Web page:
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Programming-Language Approaches to Improving Shared-Memory Multithreading: Work-In-Progress Dan Grossman University of Washington Microsoft Research, RiSE.

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Presentation on theme: "Programming-Language Approaches to Improving Shared-Memory Multithreading: Work-In-Progress Dan Grossman University of Washington Microsoft Research, RiSE."— Presentation transcript:

1 Programming-Language Approaches to Improving Shared-Memory Multithreading: Work-In-Progress Dan Grossman University of Washington Microsoft Research, RiSE July 28, 2009

2 Dan Grossman: Multithreading Work-In-Progress2 Today A little history / organization: how I got here Informal, broad-not-deep overview of 4 ongoing projects –Better semantics / languages for transactional memory x 2 Dynamic separation for Haskell Semantics / abstraction for “escape actions” –Deterministic Multiprocessing –Code-centric communication graphs Hopefully time for discussion

3 July 28, 2009Dan Grossman: Multithreading Work-In-Progress3 Biography / group names Me: PLDI, ICFP, POPL “feel like home”, PhD for Cyclone  UW faculty, –Type system, compiler for memory-safe C dialect 30%  80% focus on multithreading, Co-advising 3-4 students with computer architect Luis Ceze, Two groups for “marketing purposes” WASP, wasp.cs.washington.edu SAMPA, sampa.cs.washington.edu

4 July 28, 2009Dan Grossman: Multithreading Work-In-Progress4 People / other projects Ask me later about: Progress estimation for PigLatin Hadoop queries [Kristi] Composable browser extensions [Ben L.]

5 July 28, 2009Dan Grossman: Multithreading Work-In-Progress5 Today A little history / organization: how I got here Informal, broad-not-deep overview of 4 ongoing projects –Better semantics / languages for transactional memory x 2 Dynamic separation for Haskell Semantics / abstraction for “escape actions” –Deterministic Multiprocessing –Code-centric communication graphs Hopefully time for discussion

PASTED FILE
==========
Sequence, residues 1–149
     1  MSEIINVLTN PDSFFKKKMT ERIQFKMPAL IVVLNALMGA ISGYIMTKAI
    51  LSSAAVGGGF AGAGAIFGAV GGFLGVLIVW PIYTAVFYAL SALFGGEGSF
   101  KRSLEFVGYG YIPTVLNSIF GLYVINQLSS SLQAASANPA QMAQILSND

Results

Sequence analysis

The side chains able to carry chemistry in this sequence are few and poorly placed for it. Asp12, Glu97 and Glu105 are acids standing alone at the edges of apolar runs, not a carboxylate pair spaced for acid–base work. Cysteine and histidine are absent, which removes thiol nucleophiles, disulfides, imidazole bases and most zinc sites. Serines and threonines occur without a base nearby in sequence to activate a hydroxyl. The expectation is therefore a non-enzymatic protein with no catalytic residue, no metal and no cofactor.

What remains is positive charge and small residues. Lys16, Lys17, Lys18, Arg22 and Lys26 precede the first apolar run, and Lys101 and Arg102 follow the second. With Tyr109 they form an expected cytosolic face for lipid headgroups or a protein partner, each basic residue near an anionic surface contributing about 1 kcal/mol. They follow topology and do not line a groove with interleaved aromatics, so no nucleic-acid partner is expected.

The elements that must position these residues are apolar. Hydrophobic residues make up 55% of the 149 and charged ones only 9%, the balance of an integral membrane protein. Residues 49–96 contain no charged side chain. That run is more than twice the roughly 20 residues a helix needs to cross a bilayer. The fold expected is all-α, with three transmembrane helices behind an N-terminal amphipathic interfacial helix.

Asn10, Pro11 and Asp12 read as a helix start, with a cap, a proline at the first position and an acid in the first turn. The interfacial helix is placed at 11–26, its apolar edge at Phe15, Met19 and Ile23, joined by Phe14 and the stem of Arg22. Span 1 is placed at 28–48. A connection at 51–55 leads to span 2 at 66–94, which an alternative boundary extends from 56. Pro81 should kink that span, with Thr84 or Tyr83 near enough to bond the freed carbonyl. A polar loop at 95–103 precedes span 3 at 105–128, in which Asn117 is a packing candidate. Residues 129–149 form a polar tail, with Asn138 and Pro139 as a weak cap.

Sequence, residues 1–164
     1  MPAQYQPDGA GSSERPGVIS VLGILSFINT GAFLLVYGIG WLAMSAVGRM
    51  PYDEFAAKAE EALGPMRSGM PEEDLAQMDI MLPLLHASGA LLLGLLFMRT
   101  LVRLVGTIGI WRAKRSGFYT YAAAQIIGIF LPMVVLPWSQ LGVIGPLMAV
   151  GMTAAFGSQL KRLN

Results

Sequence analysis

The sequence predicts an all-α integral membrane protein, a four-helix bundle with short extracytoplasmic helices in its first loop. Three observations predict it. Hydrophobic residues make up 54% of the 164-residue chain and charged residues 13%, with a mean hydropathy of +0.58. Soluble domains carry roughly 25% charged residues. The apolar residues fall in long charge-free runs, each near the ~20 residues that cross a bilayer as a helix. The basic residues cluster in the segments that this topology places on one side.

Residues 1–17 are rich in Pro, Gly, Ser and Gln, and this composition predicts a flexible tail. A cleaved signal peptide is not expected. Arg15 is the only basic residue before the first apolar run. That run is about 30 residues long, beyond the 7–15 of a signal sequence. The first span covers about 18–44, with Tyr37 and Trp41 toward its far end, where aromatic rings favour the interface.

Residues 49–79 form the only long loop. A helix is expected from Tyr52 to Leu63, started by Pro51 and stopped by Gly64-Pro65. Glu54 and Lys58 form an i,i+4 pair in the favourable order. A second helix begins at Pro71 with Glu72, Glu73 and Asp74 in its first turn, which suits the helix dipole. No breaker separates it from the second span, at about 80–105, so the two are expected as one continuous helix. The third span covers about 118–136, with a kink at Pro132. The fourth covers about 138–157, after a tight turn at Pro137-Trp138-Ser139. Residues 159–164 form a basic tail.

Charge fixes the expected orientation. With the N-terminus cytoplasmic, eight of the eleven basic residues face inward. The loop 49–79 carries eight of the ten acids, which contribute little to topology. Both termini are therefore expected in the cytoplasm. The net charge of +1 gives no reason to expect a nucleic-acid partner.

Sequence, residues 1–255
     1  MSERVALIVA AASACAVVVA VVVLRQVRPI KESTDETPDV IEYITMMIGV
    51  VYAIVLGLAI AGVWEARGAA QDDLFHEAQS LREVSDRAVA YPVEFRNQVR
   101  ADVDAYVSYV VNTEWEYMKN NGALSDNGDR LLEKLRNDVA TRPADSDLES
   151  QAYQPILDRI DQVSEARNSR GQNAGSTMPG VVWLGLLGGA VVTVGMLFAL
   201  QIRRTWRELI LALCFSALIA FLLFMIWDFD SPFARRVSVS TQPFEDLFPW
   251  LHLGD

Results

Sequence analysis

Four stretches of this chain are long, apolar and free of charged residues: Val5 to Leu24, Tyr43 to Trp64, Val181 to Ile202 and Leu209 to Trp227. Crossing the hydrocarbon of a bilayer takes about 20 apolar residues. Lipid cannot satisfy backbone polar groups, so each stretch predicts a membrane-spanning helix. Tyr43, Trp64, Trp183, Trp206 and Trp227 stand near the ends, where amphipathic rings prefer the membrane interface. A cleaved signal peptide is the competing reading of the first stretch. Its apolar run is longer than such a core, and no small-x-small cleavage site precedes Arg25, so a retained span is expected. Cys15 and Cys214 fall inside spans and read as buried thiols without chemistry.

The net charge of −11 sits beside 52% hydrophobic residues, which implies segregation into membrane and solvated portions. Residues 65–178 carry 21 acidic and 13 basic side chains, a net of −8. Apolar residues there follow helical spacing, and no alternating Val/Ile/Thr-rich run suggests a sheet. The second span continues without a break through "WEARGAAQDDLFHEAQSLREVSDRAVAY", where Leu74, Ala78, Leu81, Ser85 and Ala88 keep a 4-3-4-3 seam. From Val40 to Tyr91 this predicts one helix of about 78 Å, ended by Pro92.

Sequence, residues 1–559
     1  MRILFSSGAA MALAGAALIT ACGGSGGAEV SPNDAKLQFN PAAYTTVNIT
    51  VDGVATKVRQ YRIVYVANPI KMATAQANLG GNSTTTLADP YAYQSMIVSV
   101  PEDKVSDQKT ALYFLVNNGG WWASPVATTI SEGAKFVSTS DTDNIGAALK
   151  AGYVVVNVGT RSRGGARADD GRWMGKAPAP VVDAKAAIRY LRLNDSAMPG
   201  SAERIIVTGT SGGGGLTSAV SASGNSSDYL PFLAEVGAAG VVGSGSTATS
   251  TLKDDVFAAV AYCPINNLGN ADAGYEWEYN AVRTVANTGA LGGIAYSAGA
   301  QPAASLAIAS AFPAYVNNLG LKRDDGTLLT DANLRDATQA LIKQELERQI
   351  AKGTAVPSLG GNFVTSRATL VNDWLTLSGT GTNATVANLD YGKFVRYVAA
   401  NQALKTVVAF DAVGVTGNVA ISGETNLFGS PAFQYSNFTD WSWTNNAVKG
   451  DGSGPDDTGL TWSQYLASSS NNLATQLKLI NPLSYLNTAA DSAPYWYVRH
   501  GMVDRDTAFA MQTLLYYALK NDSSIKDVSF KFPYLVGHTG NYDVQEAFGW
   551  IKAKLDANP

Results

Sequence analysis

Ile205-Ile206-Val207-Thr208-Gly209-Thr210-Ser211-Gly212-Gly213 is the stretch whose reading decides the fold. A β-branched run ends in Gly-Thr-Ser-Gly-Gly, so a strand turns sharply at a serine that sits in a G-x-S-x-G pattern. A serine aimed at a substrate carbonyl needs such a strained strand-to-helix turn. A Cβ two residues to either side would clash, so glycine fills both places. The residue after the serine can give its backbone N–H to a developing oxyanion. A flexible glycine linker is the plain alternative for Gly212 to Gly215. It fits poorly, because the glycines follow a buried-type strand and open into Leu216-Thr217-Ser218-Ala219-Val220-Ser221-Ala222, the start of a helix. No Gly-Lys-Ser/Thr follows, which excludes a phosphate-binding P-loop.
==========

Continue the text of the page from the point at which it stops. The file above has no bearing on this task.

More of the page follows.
6 July 28, 2009Dan Grossman: Multithreading Work-In-Progress6 Atomic blocks An easier-to-use and harder-to-implement synchronization primitive void transferFrom(int amt, Acct other){ atomic{ other.withdraw(amt); this.deposit(amt); } “Transactions are to shared-memory concurrency as garbage collection is to memory management” [OOPSLA 07] GC also has key semantic questions most programmers can ignore –Resurrection, serialization, dead assignments, etc.

7 July 28, 2009Dan Grossman: Multithreading Work-In-Progress7 “Weak” isolation Widespread misconception: “Weak” isolation violates the “all-at-once” property only if corresponding lock code has a race (May still be a bad thing, but smart people disagree.) atomic { y = 1; x = 3; y = x; } x = 2; print(y); //1? 2? 666? initially y==0

8 July 28, 2009Dan Grossman: Multithreading Work-In-Progress8 It’s worse Privatization: One of several examples where lock code works and weak-isolation transactions do not (Example adapted from [Rajwar/Larus] and [Hudson et al]) ptr fg atomic { r = ptr; ptr = new C(); } assert(r.f==r.g); atomic { ++ptr.f; ++ptr.g; } initially ptr.f == ptr.g

9 July 28, 2009Dan Grossman: Multithreading Work-In-Progress9 atomic { ++ptr.f; ++ptr.g; } It’s worse Most weak-isolation systems let the assertion fail! Eager-update or lazy-update ptr fg atomic { r = ptr; ptr = new C(); } assert(r.f==r.g); initially ptr.f == ptr.g

10 July 28, 2009Dan Grossman: Multithreading Work-In-Progress10 The need for semantics Which is wrong: the privatization code or the language implementation? What other “gotchas” exist? Can programmers correctly use transactions without understanding their implementation? Only rigorous programming-language semantics can answer